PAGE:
When Mueller says hundreds of millions of dollars, he is not exaggerating. Fiscal conservatives in both counties were aghast last month when the Montrose BOCC, along with engineer Wilson and Denver legal counsel Charles “Barney” White, admitted that the county had spent over $250,000 in legal and engineering fees just to file the case. More recent figures put that total closer to $700,000, according to Mueller.
And then, should Montrose win its case in water court and actually try to develop the reservoirs, Mueller said, “their own estimate puts the cost [of acquiring the rights, building the dams, ditches, diversion and pump stations] at $200-300 million.
“We believe the actual cost would be $600 million, or more.”
How would a county of 40,000 people raise that kind of money? The Denver water attorney, Charles White, said at Friendship Hall that the good news is the cost would be spread out over 50 years. “The value of water only increases over time,” he said. Commissioners have indicated they would seek state and federal help. Mueller, who is a veteran of negotiations involving the Colorado River District and Front Range communities looking for major cross-divide diversions, says state and federal dollars for big water projects – what he calls the heyday of Bureau of Reclamation dams – “has dried up significantly.”
“We think their applications are completely speculative,” Mueller concluded. “They’ll never have those populations [in the West End]. They’ll never have the money to do it. It’s a pie-in-the-sky project.”
San Miguel County Commissioner Art Goodtimes told The Watch he feels a particular betrayal on the part of Montrose County. “[They] chose to file on water rights in San Miguel County. While we have not opposed Montrose County’s approval of the uranium mill in Paradox, although Sheep Mountain and the towns of Ophir and Telluride have filed a lawsuit in opposition. We have opposed Montrose filing for rights in our county. We think that is stepping over the line in terms of interference in county authority.”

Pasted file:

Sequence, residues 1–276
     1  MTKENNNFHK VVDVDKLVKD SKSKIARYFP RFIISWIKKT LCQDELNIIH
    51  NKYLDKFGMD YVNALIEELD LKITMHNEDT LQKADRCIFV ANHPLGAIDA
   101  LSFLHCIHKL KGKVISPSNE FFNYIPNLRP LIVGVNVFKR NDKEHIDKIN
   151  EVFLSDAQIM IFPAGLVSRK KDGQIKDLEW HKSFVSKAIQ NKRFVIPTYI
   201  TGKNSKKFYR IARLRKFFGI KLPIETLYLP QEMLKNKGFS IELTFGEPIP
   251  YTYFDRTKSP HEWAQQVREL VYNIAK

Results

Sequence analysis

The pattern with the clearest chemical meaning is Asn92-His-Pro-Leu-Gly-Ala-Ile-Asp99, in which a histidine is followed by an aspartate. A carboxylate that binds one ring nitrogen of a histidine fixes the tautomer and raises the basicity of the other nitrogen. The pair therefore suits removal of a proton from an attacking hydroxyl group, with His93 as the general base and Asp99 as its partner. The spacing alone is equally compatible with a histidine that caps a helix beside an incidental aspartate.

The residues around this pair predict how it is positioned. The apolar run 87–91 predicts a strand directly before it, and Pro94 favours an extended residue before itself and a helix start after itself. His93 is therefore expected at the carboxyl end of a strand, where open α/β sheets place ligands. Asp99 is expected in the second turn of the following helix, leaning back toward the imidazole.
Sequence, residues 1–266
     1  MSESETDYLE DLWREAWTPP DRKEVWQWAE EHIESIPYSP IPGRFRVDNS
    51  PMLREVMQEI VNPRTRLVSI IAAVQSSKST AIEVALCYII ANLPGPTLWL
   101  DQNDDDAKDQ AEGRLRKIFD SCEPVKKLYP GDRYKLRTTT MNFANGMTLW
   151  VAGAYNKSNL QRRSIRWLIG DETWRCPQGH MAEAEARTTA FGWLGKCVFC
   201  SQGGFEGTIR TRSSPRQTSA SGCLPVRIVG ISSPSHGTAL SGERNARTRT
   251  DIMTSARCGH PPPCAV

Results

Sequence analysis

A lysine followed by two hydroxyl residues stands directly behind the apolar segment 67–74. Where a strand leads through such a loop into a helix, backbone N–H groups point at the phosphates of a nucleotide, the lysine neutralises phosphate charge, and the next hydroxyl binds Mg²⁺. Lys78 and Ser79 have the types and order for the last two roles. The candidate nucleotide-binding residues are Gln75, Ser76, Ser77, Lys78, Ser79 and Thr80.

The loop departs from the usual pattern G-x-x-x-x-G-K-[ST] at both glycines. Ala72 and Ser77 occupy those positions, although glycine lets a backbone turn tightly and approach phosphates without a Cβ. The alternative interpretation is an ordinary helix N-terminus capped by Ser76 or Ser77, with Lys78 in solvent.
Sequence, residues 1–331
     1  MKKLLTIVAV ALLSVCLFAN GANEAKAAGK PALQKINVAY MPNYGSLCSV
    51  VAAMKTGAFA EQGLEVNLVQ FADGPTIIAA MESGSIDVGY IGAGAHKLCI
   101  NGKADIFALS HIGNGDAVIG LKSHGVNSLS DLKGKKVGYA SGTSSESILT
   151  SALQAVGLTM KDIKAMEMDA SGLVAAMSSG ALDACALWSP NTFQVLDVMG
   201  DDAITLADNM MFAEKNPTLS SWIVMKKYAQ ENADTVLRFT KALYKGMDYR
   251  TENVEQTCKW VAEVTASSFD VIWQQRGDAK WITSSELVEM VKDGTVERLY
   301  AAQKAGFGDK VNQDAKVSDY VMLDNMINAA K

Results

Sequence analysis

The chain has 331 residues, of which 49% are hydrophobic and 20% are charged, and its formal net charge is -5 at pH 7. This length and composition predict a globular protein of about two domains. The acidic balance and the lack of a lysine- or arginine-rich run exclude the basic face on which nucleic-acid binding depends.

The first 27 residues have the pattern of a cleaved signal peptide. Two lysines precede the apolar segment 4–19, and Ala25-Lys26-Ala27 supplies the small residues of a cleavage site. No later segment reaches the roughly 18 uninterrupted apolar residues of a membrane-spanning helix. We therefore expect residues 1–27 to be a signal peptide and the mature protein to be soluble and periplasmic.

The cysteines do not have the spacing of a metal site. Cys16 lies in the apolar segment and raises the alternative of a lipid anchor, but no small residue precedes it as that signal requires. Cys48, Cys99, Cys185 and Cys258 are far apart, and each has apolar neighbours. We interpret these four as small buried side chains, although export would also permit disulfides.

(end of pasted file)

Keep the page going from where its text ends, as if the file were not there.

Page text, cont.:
A partial list of water sources for the four main proposed reservoirs includes: Fall Creek, Trail Creek, Williams Creek, Willow Creek, Little Cone Creek, Hunt Creek, Painter Creek, Specie Creek, Spring Branch Creek, Rock Creek and Saltado Creek.
The reservoir in San Miguel County, called the Marie Scott Reservoir, would inundate Saltado Creek west of Sawpit.
The filings would have “an enormous impact on the San Miguel River,” according to Sheep Mountain’s Russell. If the new claims are granted, she said, “there would be no way to protect the free-flowing river. The minimum in-stream flow [championed by CWCB in part to protect threatened fish species] is junior to these water rights.”
The trial is set for October 29 of this year in Montrose water court. It is to be heard by Water Judge J. Steven Patrick, and is expected to last 14 days. The objectors’ challenge, according to Russell, is to prove the claims are speculative. Evidence to that effect, Russell contends, includes the fact that Energy Fuels, Inc., the Toronto-based company behind the Piñon Ridge uranium mill, has secured its own water rights to operate the mill. Similarly, the towns of Nucla, Naturita, and even Norwood, “have said they have enough water for their 50-year ‘growth horizons.’”
Speaking on behalf of his clients, many of whom are committed by conservancies to use their water in perpetuity for agriculture, Mueller said Montrose County, should it prevail in court, would have “teed themselves up for one of the largest condemnation cases in the history of the Western Slope.”
Montrose Commissioner Gary Ellis remains steadfast. “This is an opportunity that may never come again. I’m willing to risk it because of the value, the benefits and the future.”